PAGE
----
The Betting and Gaming Council (BGC) says the increase in energy prices could have a catastrophic impact on land-based gaming operations.
UK.- The British gaming industry lobby and standard association The Betting and Gaming Council (BGC) has called for urgent action on energy prices to avoid a “catastrophic” impact on land-based gaming operations. It’s calling on the UK’s next prime minister to tackle the increasing burden of energy costs for the hospitality and leisure sectors.
The BGC said that Britain’s 121 land-based casinos and 6,500 betting shops were being hit hard by soaring energy bills along with the rest of the hospitality sector. It reminded the government that the sector directly employs 44,000 people and supports a further 48,000 jobs, while contributing £4bn to the UK economy and generating £2bn in taxes each year.
It said that 537 independent betting shops have more than 2,700 employees and noted that more than 200 had closed in the last five years. Research carried out before the pandemic by ESA Retail found that 82 per cent of their customers visited betting shops once a week, with 89 per cent of them going on to visit other shops nearby.
However, amid a global energy crisis, businesses are facing average increases of 300 per cent on their bills under the new deals being offered.
The warning comes after major BGC member Rank Group last week revealed that its energy costs hit £23m in the last financial year, up from £13m the year before. It fears they could hit £46m this year at current market prices.
BGC CEO Michael Dugher said: “The cost of simply doing business is rising at an exponential rate. If urgent action isn’t taken soon, continued energy price increases could have a catastrophic impact across the hospitality and leisure sector, including hitting our members.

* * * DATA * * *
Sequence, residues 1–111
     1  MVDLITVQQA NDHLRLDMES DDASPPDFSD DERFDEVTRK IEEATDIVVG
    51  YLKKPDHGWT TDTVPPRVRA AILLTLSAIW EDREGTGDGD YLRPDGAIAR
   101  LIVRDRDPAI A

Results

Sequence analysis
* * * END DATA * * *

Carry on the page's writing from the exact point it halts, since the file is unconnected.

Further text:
“Casinos are a vital pillar of the hospitality and tourism sector in cities and towns across the UK. Just like the rest of the hospitality sector, they are struggling to build back after the global pandemic and now they face a new crisis.
“Meanwhile, bookmakers, which play a critical role on the UK’s hard-pressed high streets, face similar challenges. In short, any business which welcomes customers into a building must grapple with this energy emergency.”
The BGC noted that a range of interventions have been suggested to protect businesses and bill-payers from price hikes, but no specific measures have been taken to protect the hospitality and leisure sectors.
Meanwhile, the UK government’s review of gambling legislation remains on hold pending the appointment of a new prime minister. Parts of its contents have been leaked, but it’s unclear whether the new administration will want to put its own stamp on new legislation.
The Independent Betting Adjudication Service (IBAS) has put itself forward to run the expected new British gambling ombudsman. The body is likely to be created as a result of the UK government’s delayed review of gambling legislation.
While the government may decide to create the ombudsman from scratch, IBAS said that it could transition to fill the role itself much faster than it would be possible to create an entirely new service. It’s also outlined operational and financial matters, with a proposed organisational structure and a roadmap for its transition.